Levels of Protection in Historic Preservation
Not all old buildings are classified the same! Old buildings can be broken into two categories: Historic Buildings and Existing Buildings.
Historic buildings are listed on a local, state, or national historic registers and are typically at least 50 years old. Existing buildings are – potentially historic – buildings that aren’t listed on a local, state, or national register even if they are at least 50 years old. Just because an existing building is old does not mean it is historically listed. (In order for a building to be listed on a local or national level someone must have successfully completed the nomination process through the State Historic Preservation Office.) Potentially Historic Buildings are typically less than 50 years old and with each passing day get closer to being eligible for listing on a historic register.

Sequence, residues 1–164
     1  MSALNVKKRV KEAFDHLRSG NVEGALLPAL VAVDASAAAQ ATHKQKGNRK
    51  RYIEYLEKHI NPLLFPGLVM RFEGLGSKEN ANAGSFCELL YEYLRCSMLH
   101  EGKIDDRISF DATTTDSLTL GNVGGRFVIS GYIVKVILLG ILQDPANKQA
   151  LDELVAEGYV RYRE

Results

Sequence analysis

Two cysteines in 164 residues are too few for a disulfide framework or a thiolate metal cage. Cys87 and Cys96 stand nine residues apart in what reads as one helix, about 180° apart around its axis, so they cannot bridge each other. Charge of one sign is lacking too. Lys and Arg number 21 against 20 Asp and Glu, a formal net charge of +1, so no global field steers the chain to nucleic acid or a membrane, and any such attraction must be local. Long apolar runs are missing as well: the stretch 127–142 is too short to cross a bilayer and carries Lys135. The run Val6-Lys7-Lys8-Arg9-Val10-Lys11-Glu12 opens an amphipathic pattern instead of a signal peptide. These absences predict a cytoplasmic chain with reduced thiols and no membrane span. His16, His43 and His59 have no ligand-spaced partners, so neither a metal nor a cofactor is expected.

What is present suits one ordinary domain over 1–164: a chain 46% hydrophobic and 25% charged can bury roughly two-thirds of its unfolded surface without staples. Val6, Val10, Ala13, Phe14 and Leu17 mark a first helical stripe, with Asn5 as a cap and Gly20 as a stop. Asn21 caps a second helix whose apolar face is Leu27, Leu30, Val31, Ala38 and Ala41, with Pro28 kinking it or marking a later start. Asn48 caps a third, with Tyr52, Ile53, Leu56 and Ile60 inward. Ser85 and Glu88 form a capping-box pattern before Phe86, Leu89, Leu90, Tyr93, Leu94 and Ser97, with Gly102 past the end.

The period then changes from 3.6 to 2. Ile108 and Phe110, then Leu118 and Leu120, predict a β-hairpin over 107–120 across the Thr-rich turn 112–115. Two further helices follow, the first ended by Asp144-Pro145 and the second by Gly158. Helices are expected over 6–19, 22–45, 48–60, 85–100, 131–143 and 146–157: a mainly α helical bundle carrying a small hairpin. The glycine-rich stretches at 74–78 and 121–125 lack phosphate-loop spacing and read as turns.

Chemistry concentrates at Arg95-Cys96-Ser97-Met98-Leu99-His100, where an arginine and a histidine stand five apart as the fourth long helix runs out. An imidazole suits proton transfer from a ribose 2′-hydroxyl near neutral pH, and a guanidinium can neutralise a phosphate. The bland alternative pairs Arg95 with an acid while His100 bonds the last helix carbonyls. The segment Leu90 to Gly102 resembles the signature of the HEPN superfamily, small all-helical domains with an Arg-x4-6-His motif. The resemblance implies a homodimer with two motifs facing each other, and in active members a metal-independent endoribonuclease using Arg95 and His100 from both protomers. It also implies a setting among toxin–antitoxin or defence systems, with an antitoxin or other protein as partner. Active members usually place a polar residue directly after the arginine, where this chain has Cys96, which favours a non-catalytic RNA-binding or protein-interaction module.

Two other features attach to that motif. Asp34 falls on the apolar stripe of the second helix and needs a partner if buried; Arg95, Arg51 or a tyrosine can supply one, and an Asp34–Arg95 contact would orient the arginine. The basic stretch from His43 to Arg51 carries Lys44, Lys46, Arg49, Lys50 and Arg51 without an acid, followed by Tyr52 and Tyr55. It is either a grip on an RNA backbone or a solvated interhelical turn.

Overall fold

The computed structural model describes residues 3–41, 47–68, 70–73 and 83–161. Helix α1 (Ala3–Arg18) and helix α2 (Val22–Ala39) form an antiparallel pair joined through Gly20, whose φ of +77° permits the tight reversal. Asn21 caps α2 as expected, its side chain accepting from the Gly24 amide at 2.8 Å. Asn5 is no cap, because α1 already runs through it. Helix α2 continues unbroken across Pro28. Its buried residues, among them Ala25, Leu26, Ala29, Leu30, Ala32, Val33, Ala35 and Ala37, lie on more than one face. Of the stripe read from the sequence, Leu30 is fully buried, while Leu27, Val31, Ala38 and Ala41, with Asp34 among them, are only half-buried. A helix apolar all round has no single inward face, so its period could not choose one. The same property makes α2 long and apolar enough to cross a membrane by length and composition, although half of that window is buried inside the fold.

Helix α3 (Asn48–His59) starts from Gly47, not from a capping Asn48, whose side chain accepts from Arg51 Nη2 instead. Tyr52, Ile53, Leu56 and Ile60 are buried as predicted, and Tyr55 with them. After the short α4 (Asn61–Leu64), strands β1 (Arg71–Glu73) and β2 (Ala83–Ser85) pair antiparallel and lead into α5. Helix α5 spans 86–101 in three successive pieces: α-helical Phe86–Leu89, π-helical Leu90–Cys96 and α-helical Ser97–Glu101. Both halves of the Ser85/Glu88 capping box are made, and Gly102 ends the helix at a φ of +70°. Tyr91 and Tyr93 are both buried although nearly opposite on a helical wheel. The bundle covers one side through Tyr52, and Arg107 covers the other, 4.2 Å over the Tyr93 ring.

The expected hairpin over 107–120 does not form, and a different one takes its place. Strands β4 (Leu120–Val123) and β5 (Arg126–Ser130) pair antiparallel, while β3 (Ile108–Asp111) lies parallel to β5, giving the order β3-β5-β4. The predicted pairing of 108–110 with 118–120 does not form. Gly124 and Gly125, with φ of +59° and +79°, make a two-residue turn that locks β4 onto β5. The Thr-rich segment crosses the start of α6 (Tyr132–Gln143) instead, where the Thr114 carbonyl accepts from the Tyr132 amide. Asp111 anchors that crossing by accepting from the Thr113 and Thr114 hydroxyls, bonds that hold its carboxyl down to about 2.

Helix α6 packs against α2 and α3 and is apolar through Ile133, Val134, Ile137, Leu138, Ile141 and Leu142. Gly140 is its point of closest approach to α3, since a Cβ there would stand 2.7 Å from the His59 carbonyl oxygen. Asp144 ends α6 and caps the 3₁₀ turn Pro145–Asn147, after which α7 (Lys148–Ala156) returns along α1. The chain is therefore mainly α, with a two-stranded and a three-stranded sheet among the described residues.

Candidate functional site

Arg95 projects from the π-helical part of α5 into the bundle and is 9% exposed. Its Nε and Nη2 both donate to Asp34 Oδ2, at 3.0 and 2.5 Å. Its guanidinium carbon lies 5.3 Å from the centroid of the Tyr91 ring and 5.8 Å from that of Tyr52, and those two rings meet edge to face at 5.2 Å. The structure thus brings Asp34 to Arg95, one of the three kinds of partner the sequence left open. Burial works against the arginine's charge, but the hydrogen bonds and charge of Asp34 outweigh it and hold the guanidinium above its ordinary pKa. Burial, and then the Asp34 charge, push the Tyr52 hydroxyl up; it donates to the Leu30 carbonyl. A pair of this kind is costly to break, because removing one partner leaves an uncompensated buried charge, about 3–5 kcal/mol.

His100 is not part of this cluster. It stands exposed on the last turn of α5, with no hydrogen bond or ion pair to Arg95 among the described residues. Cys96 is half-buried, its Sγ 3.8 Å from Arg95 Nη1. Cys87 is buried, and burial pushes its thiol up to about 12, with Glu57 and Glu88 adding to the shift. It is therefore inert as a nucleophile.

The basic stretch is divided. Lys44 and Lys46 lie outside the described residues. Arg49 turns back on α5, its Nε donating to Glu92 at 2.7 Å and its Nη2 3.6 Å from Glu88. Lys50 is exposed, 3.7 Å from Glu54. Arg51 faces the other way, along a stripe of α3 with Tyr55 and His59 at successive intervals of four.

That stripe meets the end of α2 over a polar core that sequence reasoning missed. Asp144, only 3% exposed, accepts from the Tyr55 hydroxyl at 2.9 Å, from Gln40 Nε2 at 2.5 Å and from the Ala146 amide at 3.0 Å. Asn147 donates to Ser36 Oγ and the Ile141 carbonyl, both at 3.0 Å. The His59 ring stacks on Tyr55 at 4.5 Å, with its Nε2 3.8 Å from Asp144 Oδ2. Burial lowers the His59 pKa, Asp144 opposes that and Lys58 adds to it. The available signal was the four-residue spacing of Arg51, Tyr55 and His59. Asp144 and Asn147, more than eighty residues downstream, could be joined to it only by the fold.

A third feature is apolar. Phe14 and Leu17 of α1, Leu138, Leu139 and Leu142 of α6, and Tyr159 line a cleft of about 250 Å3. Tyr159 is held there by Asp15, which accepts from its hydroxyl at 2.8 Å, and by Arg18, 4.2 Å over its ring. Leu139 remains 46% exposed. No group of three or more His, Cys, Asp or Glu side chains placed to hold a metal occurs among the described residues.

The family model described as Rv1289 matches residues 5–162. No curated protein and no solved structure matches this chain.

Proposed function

Preservation designations listed from least restrictive to most restrictive preservation protections:
1. National Historic Landmark
2. State, City, or local Landmark
3. National Register Individual listing
Although, counterintuitive, buildings that are listed on a local or state historic register typically have to go through a more stringent review process than buildings that are on the National Register.
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